The Degradation & Ruin of A Culture

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fangz1956
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The Degradation & Ruin of A Culture

Postby fangz1956 » 2009 Mar 22 12:02

I have been doing more than a bit of reading lately on the origins and history of rednecks and hillbillies. Yep....I qualify and have the drawling Appalachian twang to prove it (along with family roots). And yes, I get woefully tired of folks asking "where are you from?" every time I open my mouth to speak.

I bleed for the people having to endure watching their landscapes, forests, and homes destroyed by mountain-top mining. I bleed every time we are passed over for promotions and better jobs in favor of "transplants". I bleed and ache for the loss of the priceless treasure that is my heritage......a proud one full of self-sufficiency, work ethic, honesty, and a love of real freedom.

The Bill O'Reilly video:
[youtube]FLkc6LJmtNs[/youtube]

The commentary that follows is excellent and very eloquently illustrates my feelings (and the feelings of countless others). Even though it is extracted from a blog titled Appalachian History, I do believe that the writer is more than qualified to have and to express an opinion on this subject.

Hillbilly stereotypes: picking up pine knots and going to war

:sigh:
Ever looked at someone and thought "the wheel is turning but the hamster is dead"?

resigned

Re: The Degradation & Ruin of A Culture

Postby resigned » 2009 Mar 23 14:11

Frangz, really liked the message and posting. I was raised in the Ozark Mountains and am classified as a hillbilly. I believe that where I grew up and my family and neighbors are what shaped me into the person I am today. My great great grandfather was Scottish Irish who immigrated to America, lived in Tennessee then moved to Missouri. I believe a lot of Scots immigrated to the Appalachian mountains including the Ozark Mountains and the Scottish influence is very much present. A lot of the music I learned I now know was influenced by their music. I also have allot of people who comment on my accent which is a drawl and I tell them its a mid western drawl. There were allot of good hard working people who lived in the area and still do. I go back to visit family on a regular basis.

I think O'Reilly is a horses behind.

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Coondog
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Re: The Degradation & Ruin of A Culture

Postby Coondog » 2009 Mar 23 16:08

O'Reilly's inherent conservative aversion to assistance of any kind to anybody (except corporate and evangelical interests), founded on the principle individuals who haven't lifted themselves up "by their own bootstraps" deserve nothing but scorn, has interesting connotations when applied to Appalachia.

As a voting bloc, the uneducated, financially challenged, unwashed hillbillies swing republican in just about every election. Well...maybe he's concerned those people will develope enough intellect and sophistication to stop voting against their own best interests. Strange to hear him denegrating the conservative base that way, though.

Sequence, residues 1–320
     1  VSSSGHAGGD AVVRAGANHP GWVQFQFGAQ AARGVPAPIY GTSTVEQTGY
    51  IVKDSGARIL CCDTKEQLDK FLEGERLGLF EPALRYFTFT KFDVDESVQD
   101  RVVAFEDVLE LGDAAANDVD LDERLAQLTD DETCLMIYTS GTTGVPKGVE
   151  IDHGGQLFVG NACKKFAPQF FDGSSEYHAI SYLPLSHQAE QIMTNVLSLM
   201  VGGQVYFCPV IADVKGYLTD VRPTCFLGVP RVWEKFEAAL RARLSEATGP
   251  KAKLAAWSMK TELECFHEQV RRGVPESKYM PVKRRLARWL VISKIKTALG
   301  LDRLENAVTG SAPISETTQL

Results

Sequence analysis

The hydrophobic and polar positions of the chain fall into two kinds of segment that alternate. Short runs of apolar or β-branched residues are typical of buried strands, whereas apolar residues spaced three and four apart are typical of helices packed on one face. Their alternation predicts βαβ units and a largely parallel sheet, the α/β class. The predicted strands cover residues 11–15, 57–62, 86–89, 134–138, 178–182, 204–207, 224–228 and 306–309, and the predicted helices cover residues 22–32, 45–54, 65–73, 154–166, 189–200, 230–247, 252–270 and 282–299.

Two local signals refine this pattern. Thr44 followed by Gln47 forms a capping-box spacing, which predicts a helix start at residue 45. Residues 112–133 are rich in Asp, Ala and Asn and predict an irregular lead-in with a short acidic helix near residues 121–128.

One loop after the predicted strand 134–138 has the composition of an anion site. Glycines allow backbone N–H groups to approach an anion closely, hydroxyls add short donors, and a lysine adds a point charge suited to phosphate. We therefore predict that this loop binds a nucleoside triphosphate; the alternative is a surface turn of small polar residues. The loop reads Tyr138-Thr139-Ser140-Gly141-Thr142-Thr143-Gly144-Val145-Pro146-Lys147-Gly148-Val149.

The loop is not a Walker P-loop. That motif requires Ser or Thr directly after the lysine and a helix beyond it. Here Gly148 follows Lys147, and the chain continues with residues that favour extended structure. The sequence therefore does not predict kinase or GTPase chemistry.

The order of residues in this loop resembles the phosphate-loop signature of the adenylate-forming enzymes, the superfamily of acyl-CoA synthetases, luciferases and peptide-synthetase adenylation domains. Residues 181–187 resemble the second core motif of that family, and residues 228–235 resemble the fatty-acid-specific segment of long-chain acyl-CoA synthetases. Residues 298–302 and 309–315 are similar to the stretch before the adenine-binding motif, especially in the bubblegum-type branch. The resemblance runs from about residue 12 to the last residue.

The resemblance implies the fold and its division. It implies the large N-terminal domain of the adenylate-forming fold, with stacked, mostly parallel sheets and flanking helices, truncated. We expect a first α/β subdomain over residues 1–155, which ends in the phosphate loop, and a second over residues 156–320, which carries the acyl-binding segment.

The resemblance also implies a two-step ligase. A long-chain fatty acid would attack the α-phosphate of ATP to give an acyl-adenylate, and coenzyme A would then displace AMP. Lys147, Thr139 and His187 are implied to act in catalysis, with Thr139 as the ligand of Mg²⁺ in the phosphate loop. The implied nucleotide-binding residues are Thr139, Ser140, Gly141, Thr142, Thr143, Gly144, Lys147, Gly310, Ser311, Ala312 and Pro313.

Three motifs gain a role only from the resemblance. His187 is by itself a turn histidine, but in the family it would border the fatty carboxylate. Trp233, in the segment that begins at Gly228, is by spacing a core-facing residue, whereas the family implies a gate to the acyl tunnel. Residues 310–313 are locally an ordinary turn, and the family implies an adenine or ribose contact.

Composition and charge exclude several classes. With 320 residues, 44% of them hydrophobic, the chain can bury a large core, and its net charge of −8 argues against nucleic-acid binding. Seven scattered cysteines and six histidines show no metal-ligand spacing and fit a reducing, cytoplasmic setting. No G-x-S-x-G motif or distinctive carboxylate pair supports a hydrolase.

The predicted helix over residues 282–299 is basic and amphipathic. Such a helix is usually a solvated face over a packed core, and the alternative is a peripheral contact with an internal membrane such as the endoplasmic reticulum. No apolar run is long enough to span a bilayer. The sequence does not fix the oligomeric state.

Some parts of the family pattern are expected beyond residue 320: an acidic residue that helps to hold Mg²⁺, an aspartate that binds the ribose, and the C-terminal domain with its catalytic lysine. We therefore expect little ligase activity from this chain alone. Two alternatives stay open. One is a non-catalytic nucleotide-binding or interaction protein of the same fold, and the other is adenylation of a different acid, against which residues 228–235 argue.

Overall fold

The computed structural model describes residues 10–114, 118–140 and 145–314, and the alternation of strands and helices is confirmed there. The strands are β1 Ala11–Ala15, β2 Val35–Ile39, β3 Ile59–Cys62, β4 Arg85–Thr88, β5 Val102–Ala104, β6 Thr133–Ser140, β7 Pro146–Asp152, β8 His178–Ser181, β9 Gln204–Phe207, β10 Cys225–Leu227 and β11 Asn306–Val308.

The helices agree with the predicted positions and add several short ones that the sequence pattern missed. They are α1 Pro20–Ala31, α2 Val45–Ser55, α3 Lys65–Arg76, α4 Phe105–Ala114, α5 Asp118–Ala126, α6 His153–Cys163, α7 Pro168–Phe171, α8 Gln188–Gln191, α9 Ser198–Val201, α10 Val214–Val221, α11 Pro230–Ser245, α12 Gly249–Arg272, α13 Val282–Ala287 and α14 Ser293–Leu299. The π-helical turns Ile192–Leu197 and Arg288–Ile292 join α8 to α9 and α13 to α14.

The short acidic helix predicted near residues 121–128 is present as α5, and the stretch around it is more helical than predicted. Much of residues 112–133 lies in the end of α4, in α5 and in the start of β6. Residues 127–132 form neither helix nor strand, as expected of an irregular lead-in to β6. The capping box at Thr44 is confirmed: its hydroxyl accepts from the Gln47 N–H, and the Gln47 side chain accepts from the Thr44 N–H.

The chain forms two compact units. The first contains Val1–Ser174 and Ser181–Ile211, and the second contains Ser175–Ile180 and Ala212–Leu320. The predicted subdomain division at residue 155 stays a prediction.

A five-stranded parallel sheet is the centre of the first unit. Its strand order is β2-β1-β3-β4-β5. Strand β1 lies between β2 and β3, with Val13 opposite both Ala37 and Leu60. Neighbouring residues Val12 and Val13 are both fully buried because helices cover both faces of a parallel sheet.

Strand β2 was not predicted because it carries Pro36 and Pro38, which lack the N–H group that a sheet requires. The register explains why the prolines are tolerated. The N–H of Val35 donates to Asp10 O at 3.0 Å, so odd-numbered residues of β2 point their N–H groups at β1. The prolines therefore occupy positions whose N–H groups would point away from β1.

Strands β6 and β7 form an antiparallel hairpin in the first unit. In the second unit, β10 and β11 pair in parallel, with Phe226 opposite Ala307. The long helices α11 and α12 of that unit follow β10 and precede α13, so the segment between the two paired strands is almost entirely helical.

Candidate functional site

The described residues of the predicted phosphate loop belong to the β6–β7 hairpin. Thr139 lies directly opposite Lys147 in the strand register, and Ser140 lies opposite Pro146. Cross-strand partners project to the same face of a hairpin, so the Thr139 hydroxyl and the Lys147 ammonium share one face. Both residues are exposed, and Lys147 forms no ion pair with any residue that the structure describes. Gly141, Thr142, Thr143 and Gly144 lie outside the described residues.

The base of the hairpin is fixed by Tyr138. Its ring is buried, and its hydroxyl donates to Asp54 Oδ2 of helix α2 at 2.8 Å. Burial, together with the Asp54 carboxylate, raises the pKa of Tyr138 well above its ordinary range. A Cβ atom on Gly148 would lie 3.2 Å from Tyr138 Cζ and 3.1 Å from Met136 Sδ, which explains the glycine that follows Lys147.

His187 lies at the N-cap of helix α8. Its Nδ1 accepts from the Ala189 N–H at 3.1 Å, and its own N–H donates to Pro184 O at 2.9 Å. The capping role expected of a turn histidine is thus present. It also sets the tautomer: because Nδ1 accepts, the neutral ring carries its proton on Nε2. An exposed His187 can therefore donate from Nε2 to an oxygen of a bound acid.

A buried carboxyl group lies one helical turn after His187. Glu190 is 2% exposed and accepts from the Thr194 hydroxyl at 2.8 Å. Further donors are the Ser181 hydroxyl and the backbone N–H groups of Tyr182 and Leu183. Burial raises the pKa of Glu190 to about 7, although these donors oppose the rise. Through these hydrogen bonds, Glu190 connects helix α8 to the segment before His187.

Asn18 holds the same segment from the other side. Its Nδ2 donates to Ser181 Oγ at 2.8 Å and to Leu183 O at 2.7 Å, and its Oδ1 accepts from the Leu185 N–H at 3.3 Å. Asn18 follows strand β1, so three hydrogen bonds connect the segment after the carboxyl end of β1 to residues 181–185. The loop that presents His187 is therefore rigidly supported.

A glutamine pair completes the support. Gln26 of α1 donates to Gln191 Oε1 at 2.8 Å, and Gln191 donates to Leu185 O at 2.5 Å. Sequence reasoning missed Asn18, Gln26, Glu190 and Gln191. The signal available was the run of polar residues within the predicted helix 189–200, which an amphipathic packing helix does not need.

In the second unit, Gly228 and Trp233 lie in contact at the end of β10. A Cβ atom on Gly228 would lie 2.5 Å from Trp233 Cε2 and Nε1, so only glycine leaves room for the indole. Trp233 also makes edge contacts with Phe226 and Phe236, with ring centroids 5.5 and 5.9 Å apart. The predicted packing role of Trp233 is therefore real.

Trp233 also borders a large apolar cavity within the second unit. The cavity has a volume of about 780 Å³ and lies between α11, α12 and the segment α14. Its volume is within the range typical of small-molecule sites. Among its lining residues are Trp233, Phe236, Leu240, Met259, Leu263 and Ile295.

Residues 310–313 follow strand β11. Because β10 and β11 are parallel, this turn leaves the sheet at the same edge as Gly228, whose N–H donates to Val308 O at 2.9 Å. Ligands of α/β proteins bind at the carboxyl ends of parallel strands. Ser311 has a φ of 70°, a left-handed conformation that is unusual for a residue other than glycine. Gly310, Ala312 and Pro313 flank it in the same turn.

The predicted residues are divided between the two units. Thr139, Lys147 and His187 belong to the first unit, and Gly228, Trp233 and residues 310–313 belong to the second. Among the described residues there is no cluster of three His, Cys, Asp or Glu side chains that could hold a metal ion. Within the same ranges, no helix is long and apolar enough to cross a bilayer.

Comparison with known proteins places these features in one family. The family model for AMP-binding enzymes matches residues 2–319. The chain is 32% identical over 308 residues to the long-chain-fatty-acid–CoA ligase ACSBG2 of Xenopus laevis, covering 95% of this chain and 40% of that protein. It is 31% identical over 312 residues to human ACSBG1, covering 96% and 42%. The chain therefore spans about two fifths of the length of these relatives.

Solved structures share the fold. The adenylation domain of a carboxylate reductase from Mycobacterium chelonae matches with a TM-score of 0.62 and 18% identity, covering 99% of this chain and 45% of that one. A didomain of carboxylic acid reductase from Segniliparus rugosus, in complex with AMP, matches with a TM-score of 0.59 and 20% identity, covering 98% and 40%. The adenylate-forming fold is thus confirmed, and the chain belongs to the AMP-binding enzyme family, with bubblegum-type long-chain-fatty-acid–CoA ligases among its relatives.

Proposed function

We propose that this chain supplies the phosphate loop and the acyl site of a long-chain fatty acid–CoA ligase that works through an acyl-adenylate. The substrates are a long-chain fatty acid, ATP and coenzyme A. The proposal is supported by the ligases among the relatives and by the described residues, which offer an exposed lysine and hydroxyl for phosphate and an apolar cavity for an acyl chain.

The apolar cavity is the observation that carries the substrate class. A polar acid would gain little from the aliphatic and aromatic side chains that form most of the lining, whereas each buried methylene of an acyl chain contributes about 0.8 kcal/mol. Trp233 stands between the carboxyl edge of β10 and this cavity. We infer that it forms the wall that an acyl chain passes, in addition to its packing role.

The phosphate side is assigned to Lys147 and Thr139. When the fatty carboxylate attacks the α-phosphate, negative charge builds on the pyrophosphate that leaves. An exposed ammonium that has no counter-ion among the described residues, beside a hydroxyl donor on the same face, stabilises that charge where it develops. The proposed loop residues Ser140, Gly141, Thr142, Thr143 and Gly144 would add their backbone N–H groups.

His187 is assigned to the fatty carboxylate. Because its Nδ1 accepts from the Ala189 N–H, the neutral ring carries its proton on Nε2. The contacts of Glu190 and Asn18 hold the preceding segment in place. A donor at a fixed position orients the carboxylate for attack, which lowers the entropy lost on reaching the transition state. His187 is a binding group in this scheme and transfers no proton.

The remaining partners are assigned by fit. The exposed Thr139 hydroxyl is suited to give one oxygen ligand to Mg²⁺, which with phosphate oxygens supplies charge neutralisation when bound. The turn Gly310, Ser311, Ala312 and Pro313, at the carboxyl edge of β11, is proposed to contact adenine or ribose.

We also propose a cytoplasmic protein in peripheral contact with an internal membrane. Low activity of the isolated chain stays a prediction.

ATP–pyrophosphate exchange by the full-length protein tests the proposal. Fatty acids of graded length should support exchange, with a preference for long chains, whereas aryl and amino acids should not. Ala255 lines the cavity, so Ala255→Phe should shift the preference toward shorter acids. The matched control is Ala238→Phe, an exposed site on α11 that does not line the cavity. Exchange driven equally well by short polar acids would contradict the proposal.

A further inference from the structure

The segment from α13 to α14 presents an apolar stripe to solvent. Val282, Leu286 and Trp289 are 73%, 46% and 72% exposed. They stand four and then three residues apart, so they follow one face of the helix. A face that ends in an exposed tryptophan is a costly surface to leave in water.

:dontknow: Coondog

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fangz1956
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Re: The Degradation & Ruin of A Culture

Postby fangz1956 » 2009 Mar 23 19:53

I did a bit of digging around and found the Diane Sawyers 20/20 documentary in its entirity. It's interesting and a bit sad. It does get kinda hard to pull yourself up by your bootstraps when the coal companies have pulled out of an area. But, some of the young portrayed are trying to hang on and do just that......pull themselves up by their bootstraps. This is another multi-faceted problem that points out failures in practices of Corporate America AND in the way in which medicine is practiced in this country......a pill for every ill. There is a link to the full documentary on the following page:

Children of the Mountains
Ever looked at someone and thought "the wheel is turning but the hamster is dead"?

resigned

Re: The Degradation & Ruin of A Culture

Postby resigned » 2009 Mar 23 20:28

I saw the doccumentary when it was on TV recently. It was really interesting. The one young man who tried to hard to get out of the small town and go to college just didn't make it and I felt that was because he just needed more support.
coondog wrote: As a voting bloc, the uneducated, financially challenged, unwashed hillbillies......... Coondog

I have found many of the hillbillies who may be uneducated and financially challenged to be very smart. Just because a person doesn't receive a higher education doesn't mean they aren't smart. And I found that many were clean, kept clean houses but just didn't wash every day due to having no bath facilities in the home. I grew up with an outdoor toilet and we bathed in a the galvanized wash tub in the kitchen. We didn't get electricity until I was ten and I am not that old. But my Mom managed to keep us all clean and when we went out we always looked nice. She made our clothes from feed sacks which had many colorful patterns.